by Shirah Kraus, NFTY-OV
As the conclusion draws closer, the 15-year-old aspiring cantor leading havdallah asks the circle of friends what we would bring back home with us. Everyone. The few vs. the many. Community. Connection. Love. Chocolate Moses. Friends. Social Action. Social justice. Babies and starfish. Questions.
What happened here will NOT stay here. Even though this havdallah marks the end of Shabbat, the separation of the holy and the profane, the holiness of Shabbat is not confined to Shabbat. The holiness of Shabbat, the holiness of community, the holiness of learning will transcend this one weekend at Hebrew Union College-Jewish Institute of Religion, shared with the Religious Action Center, NFTY, new found best friends, and amazing Rabbinical students.
This unique conglomeration occurred at NFTY’s Teen Study Weekend/HUC Cincinnati’s youth retreat: From Tzedek to Tzedakah. About twenty kids from all across America and Canada came together to discuss and do Tikkun Olam. In just about forty hours, we did everything from crying for laughing so hard #becauseyolo to learning from Rabbi Gary Zola (who knows your rabbi) about the disproportionate Reform Jewish impact in the Civil Rights Movement. We debated whether to donate money to Red Cross or Magen David Adom (Jewish Red Cross: Red Star of David) and we argued over which has a bigger impact: lobbying or protesting. We discussed our favorite quotes and talked to HUC students about different causes. During our Friday evening program, rabbinical student Leah Citrin told a story that really touched me. Millions of starfish are scattered on the sand. They are dying. A small boy is picking up starfish and throwing them back into the ocean. His father challenges that the boy will never be able to throw back all the starfish, so why does it matter? The boy throws back another starfish and says, “It matters to that one.” I hope I can matter to someone.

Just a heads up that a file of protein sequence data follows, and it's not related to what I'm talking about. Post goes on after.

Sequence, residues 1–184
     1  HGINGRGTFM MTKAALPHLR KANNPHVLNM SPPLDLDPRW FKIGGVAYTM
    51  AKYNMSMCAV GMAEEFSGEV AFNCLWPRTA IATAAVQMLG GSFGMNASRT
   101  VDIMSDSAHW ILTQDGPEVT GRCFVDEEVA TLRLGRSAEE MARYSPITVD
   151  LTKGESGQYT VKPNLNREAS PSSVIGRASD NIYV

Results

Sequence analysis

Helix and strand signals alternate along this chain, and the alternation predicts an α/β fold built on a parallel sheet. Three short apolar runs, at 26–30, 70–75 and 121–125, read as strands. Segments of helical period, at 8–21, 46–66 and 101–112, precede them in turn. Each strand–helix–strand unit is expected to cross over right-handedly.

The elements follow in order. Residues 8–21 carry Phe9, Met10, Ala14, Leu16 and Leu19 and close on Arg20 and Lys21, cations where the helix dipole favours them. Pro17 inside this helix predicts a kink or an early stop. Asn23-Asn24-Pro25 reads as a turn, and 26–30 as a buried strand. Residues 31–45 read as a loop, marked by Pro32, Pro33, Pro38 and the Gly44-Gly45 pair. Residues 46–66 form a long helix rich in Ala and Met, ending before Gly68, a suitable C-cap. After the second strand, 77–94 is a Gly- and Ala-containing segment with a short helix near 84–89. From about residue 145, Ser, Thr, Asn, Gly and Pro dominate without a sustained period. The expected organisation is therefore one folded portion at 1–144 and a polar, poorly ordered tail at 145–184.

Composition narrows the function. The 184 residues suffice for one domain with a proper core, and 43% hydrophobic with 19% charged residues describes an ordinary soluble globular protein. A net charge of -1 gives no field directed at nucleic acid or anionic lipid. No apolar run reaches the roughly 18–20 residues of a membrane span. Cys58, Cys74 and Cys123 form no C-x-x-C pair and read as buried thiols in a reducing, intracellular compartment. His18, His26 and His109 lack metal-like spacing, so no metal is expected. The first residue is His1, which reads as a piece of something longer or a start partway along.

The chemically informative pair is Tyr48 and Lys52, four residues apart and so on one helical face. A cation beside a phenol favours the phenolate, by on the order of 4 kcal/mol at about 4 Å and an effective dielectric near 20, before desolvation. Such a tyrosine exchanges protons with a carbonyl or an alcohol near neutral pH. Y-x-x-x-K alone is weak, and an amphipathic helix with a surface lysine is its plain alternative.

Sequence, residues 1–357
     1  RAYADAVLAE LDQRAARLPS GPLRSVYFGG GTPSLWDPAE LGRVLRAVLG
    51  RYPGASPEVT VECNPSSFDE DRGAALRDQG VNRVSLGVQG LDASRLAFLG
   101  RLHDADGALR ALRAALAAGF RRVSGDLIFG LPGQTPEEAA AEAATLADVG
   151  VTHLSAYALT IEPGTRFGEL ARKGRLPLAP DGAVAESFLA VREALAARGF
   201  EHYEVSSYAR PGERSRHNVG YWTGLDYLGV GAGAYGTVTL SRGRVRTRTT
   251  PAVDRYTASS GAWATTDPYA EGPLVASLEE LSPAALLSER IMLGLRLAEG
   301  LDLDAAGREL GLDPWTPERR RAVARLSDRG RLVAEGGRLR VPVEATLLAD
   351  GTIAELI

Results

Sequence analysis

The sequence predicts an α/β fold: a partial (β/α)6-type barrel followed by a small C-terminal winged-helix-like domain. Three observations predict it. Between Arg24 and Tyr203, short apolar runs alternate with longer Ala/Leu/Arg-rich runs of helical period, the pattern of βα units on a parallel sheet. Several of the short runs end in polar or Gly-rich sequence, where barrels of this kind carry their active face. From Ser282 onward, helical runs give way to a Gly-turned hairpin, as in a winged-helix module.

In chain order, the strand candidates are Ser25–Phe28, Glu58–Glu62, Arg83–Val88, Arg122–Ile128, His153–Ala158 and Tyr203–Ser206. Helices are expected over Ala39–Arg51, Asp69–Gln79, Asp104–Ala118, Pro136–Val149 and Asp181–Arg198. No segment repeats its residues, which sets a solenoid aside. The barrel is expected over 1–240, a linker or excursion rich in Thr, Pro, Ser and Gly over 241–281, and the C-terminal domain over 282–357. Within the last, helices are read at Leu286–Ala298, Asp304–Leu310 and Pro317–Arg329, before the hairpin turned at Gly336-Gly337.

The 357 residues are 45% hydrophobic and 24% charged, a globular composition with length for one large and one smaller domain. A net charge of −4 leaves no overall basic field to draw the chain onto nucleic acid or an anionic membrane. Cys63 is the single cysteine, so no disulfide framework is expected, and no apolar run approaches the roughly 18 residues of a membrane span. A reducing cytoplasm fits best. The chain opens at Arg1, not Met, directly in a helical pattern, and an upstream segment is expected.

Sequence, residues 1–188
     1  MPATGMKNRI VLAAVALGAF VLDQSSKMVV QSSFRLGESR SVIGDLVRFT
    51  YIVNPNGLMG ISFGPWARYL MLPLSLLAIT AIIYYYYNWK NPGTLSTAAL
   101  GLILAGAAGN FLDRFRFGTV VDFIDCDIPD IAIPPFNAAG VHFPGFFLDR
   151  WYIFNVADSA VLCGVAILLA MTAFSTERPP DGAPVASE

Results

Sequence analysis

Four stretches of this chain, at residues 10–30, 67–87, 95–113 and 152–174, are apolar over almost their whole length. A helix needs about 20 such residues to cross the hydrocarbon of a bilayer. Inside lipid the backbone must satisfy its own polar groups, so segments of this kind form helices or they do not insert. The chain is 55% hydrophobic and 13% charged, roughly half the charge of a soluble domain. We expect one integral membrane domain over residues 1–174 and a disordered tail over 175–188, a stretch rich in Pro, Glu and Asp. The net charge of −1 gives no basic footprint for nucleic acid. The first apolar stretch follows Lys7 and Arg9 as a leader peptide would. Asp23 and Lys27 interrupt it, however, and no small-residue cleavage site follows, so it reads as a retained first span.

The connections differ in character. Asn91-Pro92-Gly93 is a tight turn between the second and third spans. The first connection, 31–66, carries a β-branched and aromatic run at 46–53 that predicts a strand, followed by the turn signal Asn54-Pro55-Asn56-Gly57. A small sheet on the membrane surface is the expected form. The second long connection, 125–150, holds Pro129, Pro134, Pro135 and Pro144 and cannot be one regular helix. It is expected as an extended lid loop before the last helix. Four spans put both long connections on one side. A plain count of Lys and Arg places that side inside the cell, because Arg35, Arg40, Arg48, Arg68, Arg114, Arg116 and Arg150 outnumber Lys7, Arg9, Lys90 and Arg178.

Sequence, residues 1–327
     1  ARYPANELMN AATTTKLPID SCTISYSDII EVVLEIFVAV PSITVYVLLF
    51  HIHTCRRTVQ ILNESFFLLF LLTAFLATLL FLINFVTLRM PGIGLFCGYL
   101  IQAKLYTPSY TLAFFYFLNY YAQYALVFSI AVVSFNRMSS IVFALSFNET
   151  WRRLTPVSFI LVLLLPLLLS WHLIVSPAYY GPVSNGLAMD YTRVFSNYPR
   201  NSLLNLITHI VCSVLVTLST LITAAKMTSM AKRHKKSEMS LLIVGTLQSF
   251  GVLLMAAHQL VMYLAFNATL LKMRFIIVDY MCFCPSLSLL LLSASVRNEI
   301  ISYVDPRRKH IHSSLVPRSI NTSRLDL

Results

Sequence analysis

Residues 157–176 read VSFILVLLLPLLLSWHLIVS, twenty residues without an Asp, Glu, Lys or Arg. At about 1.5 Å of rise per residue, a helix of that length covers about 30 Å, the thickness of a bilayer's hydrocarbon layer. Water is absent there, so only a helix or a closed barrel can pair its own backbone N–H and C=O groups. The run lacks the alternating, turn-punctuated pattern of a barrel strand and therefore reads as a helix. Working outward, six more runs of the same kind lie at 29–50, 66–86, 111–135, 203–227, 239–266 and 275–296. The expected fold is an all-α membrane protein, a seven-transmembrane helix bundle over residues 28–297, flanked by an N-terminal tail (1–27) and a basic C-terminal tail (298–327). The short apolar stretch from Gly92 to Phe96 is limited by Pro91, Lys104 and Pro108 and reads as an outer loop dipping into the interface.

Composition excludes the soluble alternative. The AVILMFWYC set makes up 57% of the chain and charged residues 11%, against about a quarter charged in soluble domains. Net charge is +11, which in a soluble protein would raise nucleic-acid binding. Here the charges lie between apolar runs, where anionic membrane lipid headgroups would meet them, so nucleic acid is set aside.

At NFTY events, I think I enjoy what Abraham Maslow would call “peak experiences.” I am at the height of joy, excitement, creativity, fun, learning, and morality. I live more fully and everything in the world makes sense. Or it doesn’t But it makes sense that it doesn’t Every NFTY event is a model for kehilah kedoshah, holy community—this event particularly so. Because of the holiness of the community, I learned valuable life concepts that will crystallize in my brain and impact my world view.
This feeling isn’t enough. The conversation isn’t over and the conversation isn’t the endpoint. It’s just the beginning, the inspiration for action. What most impacted me about this weekend is that in my daily life, I have to make choices that reflect these Jewish beliefs, these personal beliefs, these universal beliefs. “It is not incumbent upon me to complete the work, but neither am I free to desist from it” (Pirkei Avot).
This article was written by Shirah Kraus as she reflected on the NFTY/RAC/AJA youth program at HUC, Teaching to Fish or Giving a Fish: Tzedek vs. Tzedakah. Shirah is the Social Action Vice President (SAVP) of the Youth Group YGOR. She is really looking forward to planning NFTY-tOV’s (the Ohio Valley) Regionals—our main event of the year where a few hundred NFTYites from across the region unite as one big community—in her hometown of Cincinnati, OH. She is a junior at Walnut Hills High School and serves as co-consul of Walnut’s Junior Classical League. Just a few months ago, she spent an amazing summer at NFTY-EIE High School in Israel and she is applying to do the work-study program, Avodah, this coming summer at her second home, Goldman Union Camp Institute (GUCI). She loves learning, psychology, social action, and Judaism.